Blog & Updates
Legislative Update for October 1, 2009
October 01, 2009 - Posted by Maurice Belanger
Health Care: The Senate Finance Committee has been slogging through some 500 amendments on the health care bill. As of this writing, there have been two amendments considered that relate to immigration. Both would have required a government-issued photo ID in order to claim benefits under the bill. Both were defeated on party-line votes. The Finance Committee should be finished considering amendments by Friday. Next, the bill will be “scored” by the Congressional Budget Office (which calculates the ultimate cost of the bill) and the Committee will take a final vote. The Finance Committee bill will then be reconciled with another health care reform bill passed by the Senate Health, Education, Labor, and Pensions (HELP) Committee. Majority Leader Reid, other Senate leadership, plus members of the Finance and HELP Committees oversee this process. The reconciled version will go to the floor of the Senate for further amendment and debate. It is expected that three weeks of Senate floor time will be devoted to debate on health care.
The House is now in the process of reconciling versions of a health reform bill passed by different committees. Floor debate and a vote in the House may take place around the same time as in the Senate.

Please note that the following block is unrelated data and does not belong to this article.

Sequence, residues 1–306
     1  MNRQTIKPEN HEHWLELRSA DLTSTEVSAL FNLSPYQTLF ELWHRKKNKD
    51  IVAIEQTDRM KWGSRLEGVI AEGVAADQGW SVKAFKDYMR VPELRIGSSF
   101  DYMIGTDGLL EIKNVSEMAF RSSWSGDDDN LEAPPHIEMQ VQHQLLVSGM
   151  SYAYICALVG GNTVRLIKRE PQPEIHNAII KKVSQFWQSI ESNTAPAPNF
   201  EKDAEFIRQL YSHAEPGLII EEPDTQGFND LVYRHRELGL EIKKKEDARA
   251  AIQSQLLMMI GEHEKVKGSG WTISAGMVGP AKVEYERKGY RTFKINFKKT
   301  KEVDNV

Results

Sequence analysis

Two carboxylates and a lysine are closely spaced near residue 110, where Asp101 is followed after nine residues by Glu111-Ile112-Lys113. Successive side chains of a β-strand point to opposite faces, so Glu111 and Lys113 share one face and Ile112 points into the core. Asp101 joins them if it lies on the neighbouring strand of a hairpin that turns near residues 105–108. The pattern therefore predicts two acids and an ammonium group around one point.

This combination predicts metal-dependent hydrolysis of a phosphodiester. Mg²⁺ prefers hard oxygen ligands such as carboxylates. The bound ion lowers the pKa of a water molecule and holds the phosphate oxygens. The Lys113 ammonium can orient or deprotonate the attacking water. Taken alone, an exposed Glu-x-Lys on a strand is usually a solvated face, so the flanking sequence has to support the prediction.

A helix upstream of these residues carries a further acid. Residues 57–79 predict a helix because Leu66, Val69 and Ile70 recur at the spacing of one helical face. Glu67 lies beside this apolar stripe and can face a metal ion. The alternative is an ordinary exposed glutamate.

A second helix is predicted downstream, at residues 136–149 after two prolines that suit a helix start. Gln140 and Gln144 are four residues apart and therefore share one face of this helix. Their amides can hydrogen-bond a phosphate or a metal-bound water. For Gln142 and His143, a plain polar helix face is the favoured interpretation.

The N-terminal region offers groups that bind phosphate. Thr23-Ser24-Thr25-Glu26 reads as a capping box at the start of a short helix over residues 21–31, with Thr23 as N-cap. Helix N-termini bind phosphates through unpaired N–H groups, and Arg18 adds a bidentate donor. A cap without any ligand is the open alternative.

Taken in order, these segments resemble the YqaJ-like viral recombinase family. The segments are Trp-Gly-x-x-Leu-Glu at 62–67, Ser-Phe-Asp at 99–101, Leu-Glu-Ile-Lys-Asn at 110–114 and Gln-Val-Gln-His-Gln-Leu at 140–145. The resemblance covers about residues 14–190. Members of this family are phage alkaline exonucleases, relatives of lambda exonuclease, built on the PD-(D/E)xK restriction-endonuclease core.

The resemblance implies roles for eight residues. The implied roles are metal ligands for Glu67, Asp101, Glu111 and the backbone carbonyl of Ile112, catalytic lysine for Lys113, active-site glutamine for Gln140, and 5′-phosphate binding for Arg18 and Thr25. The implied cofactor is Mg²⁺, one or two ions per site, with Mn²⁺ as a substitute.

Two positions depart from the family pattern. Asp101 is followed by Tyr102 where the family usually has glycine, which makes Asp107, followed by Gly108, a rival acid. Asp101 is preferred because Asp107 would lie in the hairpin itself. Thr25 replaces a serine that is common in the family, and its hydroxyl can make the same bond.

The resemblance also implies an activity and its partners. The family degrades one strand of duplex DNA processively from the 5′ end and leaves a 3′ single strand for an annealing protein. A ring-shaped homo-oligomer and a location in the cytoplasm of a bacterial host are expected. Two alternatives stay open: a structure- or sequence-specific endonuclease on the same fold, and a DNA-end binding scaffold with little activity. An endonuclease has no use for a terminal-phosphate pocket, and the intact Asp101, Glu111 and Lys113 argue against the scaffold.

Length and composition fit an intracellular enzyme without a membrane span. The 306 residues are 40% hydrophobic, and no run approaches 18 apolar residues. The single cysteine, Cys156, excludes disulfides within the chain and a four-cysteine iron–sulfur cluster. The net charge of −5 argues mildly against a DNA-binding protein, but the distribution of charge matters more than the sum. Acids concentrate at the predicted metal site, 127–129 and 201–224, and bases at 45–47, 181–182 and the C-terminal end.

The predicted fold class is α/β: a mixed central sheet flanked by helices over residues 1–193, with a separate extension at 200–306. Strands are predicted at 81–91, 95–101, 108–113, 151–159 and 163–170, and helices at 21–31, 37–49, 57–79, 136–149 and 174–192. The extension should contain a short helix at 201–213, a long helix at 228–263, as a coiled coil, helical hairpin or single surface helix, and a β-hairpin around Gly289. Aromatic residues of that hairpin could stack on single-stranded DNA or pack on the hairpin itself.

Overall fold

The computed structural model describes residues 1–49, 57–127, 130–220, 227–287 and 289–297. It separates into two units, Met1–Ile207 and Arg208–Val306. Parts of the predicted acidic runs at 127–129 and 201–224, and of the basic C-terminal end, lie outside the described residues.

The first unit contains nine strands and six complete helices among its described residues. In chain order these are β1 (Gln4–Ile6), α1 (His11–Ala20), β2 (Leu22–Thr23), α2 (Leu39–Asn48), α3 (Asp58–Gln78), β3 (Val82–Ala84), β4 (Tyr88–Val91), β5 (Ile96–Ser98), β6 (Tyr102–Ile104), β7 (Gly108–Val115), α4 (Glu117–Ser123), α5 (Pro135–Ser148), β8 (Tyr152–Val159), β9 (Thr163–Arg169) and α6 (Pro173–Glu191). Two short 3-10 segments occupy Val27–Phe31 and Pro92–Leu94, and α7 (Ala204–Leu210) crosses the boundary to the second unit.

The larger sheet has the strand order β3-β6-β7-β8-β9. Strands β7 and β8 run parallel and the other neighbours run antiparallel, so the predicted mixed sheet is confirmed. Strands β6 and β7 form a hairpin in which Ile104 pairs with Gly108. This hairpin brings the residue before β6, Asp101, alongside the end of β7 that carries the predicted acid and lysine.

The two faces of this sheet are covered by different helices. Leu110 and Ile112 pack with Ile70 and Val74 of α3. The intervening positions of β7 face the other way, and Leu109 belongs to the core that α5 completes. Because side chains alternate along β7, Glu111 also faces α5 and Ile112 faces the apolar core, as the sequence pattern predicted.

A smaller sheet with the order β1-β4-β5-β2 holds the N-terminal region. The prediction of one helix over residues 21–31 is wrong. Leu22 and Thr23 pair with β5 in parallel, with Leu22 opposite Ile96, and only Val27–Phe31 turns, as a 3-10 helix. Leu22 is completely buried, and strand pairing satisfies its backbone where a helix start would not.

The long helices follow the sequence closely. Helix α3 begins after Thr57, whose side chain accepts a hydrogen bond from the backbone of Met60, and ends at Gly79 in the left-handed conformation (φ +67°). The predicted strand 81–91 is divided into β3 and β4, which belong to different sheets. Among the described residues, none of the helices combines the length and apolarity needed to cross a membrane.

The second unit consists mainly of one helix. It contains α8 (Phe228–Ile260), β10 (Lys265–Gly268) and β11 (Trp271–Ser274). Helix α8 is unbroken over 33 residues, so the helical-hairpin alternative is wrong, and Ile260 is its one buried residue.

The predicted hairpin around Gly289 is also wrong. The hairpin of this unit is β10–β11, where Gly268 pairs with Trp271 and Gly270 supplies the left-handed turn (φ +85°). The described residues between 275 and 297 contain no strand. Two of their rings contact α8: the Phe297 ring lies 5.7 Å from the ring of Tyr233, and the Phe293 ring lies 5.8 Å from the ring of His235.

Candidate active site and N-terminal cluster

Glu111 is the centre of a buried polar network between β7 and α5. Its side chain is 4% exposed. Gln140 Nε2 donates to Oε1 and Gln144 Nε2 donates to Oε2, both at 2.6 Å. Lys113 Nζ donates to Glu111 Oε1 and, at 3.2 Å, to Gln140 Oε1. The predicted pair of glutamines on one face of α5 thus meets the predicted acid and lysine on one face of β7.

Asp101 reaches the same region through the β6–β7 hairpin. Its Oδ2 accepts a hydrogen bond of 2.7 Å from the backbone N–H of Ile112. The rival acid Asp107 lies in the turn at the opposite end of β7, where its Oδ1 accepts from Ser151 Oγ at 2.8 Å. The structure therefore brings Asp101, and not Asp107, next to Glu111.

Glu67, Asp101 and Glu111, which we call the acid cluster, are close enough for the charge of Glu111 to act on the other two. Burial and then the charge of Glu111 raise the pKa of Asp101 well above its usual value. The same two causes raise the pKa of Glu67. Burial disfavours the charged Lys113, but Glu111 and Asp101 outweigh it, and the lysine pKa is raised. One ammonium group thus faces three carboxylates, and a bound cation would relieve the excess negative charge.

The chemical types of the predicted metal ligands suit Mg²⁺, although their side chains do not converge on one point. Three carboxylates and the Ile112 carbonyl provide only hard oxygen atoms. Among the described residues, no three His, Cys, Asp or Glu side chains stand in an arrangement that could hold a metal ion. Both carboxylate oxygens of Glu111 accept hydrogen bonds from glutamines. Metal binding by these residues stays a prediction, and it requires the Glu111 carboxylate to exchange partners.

Appropriations: The House and Senate bills containing appropriations for the Department of Homeland Security will imminently be considered by a conference committee to work out the differences between them. The conference committee should complete its work soon, and a final version of the bill will go back to the House and Senate for final approval.
Although September 30 is the end of the government’s fiscal year, most appropriations bills have not yet been completed by Congress. On September 30, the Senate passed a “Continuing Appropriations Resolution” that will keep the government running until October 31. The House passed the resolution on September 25. The continuing resolution basically funds the government at the same level as fiscal year 2009. It also temporarily extends several immigration-related provisions that were set to expire at the end of the fiscal year, such as E-Verify, the religious worker program, the investor visa program, and a program for foreign doctors serving in underserved areas. (These programs will be extended for longer periods of time when Congress completes the regular appropriations bills.)
Comprehensive Immigration Reform: We are still waiting for Senator Schumer to draft a bill for introduction in his Immigration Subcommittee. Two hearings that had been scheduled in the Subcommittee—one on the subject of immigration, agriculture, and food security and one on the subject of the faith community’s perspective on immigration reform—have been postponed. As noted above, the Finance Committee is working through hundreds of amendments on the health care bill. This has required the Committee to be in session all day, every day for two weeks (so far). Senator Schumer sits on the Finance Committee. Until the Finance Committee has completed its work, it is unlikely that Senator Schumer will be able to focus much attention on comprehensive immigration reform.